Being a gun control advocate means never having to settle for defeat. After Oklahoma passed and signed a constitutional carry bill into law earlier this year, opponents — including Moms Demand Action — set out to overturn it. They mounted an initiative campaign, trying to get constitutional carry on the ballot in November in hopes that voters would overturn it.
But that didn’t go as well as they’d hope. They failed to get the necessary number of petition signatures before the mandated deadline.
Now, however, in a last-ditch attempt to prevent Oklahomans from carrying firearms as the Second Amendment lays out, an anti-gun state representative has filed suit to block the law from taking effect on November 1.
By Sean Murphy, Associated Press
A Democratic state representative from Oklahoma City and other advocates for more restrictive gun laws filed a lawsuit Monday challenging a new Oklahoma law that will allow people to carry firearms without a background check or training.
State Rep. Jason Lowe sued in Oklahoma County, arguing that the law violates a state constitutional requirement that bills deal with only one subject matter.
“This fight is far from over,” Lowe said at a news conference. “We believe this law is dangerous.”
Dubbed “constitutional carry” by its supporters, the bill signed by Republican Gov. Kevin Stitt would allow most adults to carry firearms, concealed or openly, without the currently required background check or training. Exceptions would include anyone in the country illegally or those convicted of certain crimes. Firearms would still be prohibited in certain locations, including public buildings, schools, professional sporting events, casinos and bars. The bill, which was the first Stitt signed into law, is scheduled to take effect Nov. 1.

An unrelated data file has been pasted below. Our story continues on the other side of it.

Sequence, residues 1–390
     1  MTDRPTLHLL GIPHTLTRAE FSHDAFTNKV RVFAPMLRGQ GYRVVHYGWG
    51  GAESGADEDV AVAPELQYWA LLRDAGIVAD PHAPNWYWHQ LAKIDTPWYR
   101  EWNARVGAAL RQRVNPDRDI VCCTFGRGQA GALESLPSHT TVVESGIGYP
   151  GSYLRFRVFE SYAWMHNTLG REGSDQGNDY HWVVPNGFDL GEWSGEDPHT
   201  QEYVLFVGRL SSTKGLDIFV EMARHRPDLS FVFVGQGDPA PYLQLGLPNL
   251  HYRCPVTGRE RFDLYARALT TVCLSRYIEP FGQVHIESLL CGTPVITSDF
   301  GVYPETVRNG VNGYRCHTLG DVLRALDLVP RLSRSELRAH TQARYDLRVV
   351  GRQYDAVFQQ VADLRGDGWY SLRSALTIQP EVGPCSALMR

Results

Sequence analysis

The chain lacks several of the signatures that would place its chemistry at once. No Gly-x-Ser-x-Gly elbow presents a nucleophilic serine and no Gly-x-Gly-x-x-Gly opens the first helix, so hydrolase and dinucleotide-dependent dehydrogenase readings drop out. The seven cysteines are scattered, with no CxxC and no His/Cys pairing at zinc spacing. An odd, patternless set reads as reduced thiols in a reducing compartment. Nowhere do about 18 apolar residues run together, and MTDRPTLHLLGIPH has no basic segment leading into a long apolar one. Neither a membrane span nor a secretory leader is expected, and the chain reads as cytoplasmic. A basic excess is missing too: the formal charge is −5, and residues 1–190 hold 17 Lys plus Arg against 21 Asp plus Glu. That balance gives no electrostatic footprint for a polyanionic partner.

In the lawsuit, attorneys for Lowe and the other plaintiffs argue that the bill deals not just with carrying firearms, but also with self-defense, a campus weapons ban, the transportation of firearms, preemption and other subjects.
“In short, like the numerous acts of the Legislature that have previously been struck down for violating the single-subject rule, HB 2597 addresses ‘multiple subjects that are not germane, relative and cognate to a common theme and purpose,” the lawsuit states.
Stitt’s office declined to comment while the lawsuit is pending.
One of the law’s biggest proponents, Don Spencer, executive director of the Oklahoma Second Amendment Association, said he believes Lowe’s attempt is a last-ditch effort to derail the law and that it will ultimately fail.
“We’re considering it kind of a Hail Mary attempt, and we’re confident the attorney general’s office will deal with it appropriately, and constitutional carry will go into effect on Nov. 1, as scheduled,” Spencer said.